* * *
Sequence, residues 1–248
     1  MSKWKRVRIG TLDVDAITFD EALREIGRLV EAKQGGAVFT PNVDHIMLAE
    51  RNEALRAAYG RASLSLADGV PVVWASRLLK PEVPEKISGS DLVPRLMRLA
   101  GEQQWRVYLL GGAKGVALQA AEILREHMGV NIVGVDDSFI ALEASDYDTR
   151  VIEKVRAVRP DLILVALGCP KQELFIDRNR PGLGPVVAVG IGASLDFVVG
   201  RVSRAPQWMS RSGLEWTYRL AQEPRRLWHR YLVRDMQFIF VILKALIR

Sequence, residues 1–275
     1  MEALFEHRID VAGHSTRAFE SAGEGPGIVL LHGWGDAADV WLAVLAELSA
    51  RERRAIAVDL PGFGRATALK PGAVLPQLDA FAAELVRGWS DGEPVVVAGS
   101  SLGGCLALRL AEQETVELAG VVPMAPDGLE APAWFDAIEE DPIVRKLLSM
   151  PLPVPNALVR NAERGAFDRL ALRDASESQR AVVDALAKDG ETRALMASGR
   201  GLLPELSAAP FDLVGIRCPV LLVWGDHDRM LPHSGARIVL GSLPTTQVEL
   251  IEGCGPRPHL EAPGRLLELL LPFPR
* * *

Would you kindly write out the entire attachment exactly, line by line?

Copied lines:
Sequence, residues 1–248
     1  MSKWKRVRIG TLDVDAITFD EALREIGRLV EAKQGGAVFT PNVDHIMLAE
    51  RNEALRAAYG RASLSLADGV PVVWASRLLK PEVPEKISGS DLVPRLMRLA
   101  GEQQWRVYLL GGAKGVALQA AEILREHMGV NIVGVDDSFI ALEASDYDTR
   151  VIEKVRAVRP DLILVALGCP KQELFIDRNR PGLGPVVAVG IGASLDFVVG
   201  RVSRAPQWMS RSGLEWTYRL AQEPRRLWHR YLVRDMQFIF VILKALIR

Sequence, residues 1–275
     1  MEALFEHRID VAGHSTRAFE SAGEGPGIVL LHGWGDAADV WLAVLAELSA
    51  RERRAIAVDL PGFGRATALK PGAVLPQLDA FAAELVRGWS DGEPVVVAGS
   101  SLGGCLALRL AEQETVELAG VVPMAPDGLE APAWFDAIEE DPIVRKLLSM
   151  PLPVPNALVR NAERGAFDRL ALRDASESQR AVVDALAKDG ETRALMASGR
   201  GLLPELSAAP FDLVGIRCPV LLVWGDHDRM LPHSGARIVL GSLPTTQVEL
   251  IEGCGPRPHL EAPGRLLELL LPFPR